Among the documents is a draft memo written for Rudolph W. Giuliani, Mr. Trump’s personal lawyer, that recommended Mr. Pence reject electors from contested states on Jan. 6. The judge, David O. Carter of the Central District of California, wrote that Mr. Eastman’s memo might have been “the first time members of President Trump’s team transformed a legal interpretation of the Electoral Count Act into a day-by-day plan of action.”

“The draft memo pushed a strategy that knowingly violated the Electoral Count Act, and Dr. Eastman’s later memos closely track its analysis and proposal,” the judge wrote. “The memo is both intimately related to and clearly advanced the plan to obstruct the joint session of Congress on Jan. 6, 2021.”The committee has interviewed more than 800 witnesses and plans to interview dozens more. Mr. Thompson told reporters on Monday that he had authorized five additional subpoenas that day.

Mr. Thompson said the committee had ruled out a subpoena for Mr. Pence, citing “significant information” it had received from two of his aides, Marc Short and Greg Jacob.

“There won’t be a subpoena,” Mr. Thompson said, adding, “We’ve been able to validate a lot of the statements attributed to President Trump and the vice president without his specific testimony.”

“There’s no effort on the part of the committee to get him to come in,” he said of Mr. Pence, adding: “We initially thought it would be important, but at this point we know that people broke in here and wanted to hang him. We know that his security detail had to protect him in an undisclosed location in the Capitol. We know the people who tried to get him to change his mind, about the count and all of that. So what is it we need?”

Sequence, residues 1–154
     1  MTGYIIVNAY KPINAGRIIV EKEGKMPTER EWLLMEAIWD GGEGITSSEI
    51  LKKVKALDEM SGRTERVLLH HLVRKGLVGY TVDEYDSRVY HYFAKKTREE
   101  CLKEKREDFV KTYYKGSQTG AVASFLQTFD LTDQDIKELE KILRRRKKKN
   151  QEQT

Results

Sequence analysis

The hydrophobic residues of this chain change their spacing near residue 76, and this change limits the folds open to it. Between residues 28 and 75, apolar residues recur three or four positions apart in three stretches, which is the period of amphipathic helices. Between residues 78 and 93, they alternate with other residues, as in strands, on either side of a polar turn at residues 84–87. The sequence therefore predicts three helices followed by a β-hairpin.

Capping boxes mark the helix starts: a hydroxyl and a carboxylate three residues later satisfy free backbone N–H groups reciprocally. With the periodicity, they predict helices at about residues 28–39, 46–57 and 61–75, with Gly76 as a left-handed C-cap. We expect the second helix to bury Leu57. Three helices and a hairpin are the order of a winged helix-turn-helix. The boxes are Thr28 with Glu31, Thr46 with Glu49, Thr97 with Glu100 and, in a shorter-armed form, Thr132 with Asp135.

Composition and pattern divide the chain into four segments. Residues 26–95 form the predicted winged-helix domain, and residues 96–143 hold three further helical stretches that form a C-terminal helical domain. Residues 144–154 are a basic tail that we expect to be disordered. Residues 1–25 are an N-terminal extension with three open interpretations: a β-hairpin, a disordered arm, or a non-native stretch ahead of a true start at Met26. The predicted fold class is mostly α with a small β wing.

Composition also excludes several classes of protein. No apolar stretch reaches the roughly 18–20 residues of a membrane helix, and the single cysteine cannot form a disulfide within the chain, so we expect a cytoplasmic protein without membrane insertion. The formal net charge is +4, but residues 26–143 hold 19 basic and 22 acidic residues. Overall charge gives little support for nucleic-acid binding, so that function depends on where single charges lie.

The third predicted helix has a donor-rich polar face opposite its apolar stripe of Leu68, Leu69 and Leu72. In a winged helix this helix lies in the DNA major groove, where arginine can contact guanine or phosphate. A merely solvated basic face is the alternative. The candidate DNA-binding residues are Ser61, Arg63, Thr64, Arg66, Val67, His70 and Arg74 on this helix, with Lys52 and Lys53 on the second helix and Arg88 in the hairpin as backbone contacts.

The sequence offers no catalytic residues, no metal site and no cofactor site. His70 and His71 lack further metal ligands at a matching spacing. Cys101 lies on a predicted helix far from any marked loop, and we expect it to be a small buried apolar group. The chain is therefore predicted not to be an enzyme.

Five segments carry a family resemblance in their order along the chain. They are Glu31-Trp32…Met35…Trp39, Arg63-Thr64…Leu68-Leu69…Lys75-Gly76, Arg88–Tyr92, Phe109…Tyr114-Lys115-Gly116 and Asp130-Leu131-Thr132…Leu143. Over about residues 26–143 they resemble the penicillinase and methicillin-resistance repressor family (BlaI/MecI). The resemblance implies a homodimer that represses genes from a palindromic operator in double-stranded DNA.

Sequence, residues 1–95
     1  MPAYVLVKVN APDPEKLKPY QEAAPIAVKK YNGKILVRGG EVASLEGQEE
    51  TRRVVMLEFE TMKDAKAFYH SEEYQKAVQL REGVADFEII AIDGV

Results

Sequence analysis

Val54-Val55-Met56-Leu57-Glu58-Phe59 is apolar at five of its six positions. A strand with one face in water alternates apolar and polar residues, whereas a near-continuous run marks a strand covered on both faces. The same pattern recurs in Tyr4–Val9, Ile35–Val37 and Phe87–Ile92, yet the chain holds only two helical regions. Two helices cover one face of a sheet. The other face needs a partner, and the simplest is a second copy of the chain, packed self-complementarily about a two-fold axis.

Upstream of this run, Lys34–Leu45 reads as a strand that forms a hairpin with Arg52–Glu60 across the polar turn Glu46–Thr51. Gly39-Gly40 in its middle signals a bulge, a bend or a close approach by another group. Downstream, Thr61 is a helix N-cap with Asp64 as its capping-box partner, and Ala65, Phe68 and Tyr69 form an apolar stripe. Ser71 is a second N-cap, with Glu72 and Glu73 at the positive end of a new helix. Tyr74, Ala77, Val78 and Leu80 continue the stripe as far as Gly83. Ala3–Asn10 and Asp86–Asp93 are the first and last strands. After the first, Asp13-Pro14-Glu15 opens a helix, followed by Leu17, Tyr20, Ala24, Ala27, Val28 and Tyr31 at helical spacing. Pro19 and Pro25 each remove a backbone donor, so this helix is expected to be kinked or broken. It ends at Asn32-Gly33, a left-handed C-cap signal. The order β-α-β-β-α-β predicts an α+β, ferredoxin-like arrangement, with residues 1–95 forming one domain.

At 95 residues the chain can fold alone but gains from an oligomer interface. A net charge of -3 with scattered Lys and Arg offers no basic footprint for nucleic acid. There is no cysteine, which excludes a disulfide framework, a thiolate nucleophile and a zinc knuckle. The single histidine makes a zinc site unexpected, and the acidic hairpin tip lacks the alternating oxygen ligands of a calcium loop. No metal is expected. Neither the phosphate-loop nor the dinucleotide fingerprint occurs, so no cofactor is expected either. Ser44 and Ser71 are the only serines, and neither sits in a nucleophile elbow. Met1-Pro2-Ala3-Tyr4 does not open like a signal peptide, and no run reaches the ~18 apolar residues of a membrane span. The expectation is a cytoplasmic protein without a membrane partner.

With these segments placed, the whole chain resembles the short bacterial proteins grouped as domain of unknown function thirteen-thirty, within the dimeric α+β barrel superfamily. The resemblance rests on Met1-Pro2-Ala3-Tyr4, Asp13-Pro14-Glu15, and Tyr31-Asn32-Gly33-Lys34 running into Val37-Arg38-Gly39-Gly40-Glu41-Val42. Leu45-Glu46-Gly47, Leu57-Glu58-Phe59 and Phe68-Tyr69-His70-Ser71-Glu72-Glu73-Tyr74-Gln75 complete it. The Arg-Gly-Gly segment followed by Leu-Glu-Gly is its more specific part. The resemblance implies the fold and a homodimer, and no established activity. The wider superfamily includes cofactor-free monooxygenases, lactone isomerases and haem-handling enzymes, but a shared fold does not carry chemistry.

Mr. Thompson also indicated that the panel would not be likely to call Mr. Trump as a witness.

“I don’t know anything else we could ask Donald Trump that the public doesn’t already know,” Mr. Thompson said. “He ran his mouth for four years.”


Trump, two adult children scheduled to testify July 15 in New York AG investigation

Former President Trump and two of his adult children are scheduled to sit for depositions on July 15 in a probe by the attorney general of New York into Trump’s business dealings, according to a court filing Wednesday.

New York Attorney General Letitia James (D) and lawyers for the former president, Donald Trump Jr. and Ivanka Trump reached an agreement that will give former President Trump time to appeal if he wishes. The Trumps have until Monday to ask the state’s Court of Appeals to hear the case.

James has been investigating whether former President Trump inflated the Trump Organization’s property values for investors and then deflated them in federal tax documents. She has been pushing him to turn over documents and sit for a deposition for months, but he has has appealed her efforts in court. She first requested that he testify in the civil investigation in December. 


Mother Jones Daily Newsletter

By Inae Oh

June 8, 2022

There’s a new report on MAGA world’s favorite nepotism babies that’s got me chuckling today.

No matter how vociferously Mr. Trump claimed otherwise, neither Mr. Kushner nor Ivanka Trump believed then or later that the election had been stolen, according to people close to them. While the president spent the hours and days after the polls closed complaining about imagined fraud in battleground states and plotting a strategy to hold on to power, his daughter and son-in-law were already washing their hands of the Trump presidency.

The report goes on to detail how, in the final days of the Trump White House, Jared Kushner would tell anyone who’d listen—and it looks like the New York Times sure did—that he and the wife essentially knew that Dad was a loser before it had been officially called, and that they’d leave even if Trump didn’t accept the results.

It’s hardly a coincidence that this latest one, which could help shield the couple from any accusation that they played a role in fomenting violence at the Capitol, is emerging just as the January 6 committee is presenting them as the hearings’ star attraction.

Plus, does it make Javanka look any better if they indeed bolted, allowing the likes of Rudy Giuliani and other conspiracy-addled morons to fuel election lies and eventually the attack on the Capitol? Nah. But head here for the only reason you should maybe read the latest drivel on Jared and Ivanka. I sincerely hope you LOL with me.

“For a long time, we’ve told ourselves that American democracy is guaranteed. But it’s not. We have to defend it. Protect it. Stand up for it. Each and every one of us.”

— President Joe Biden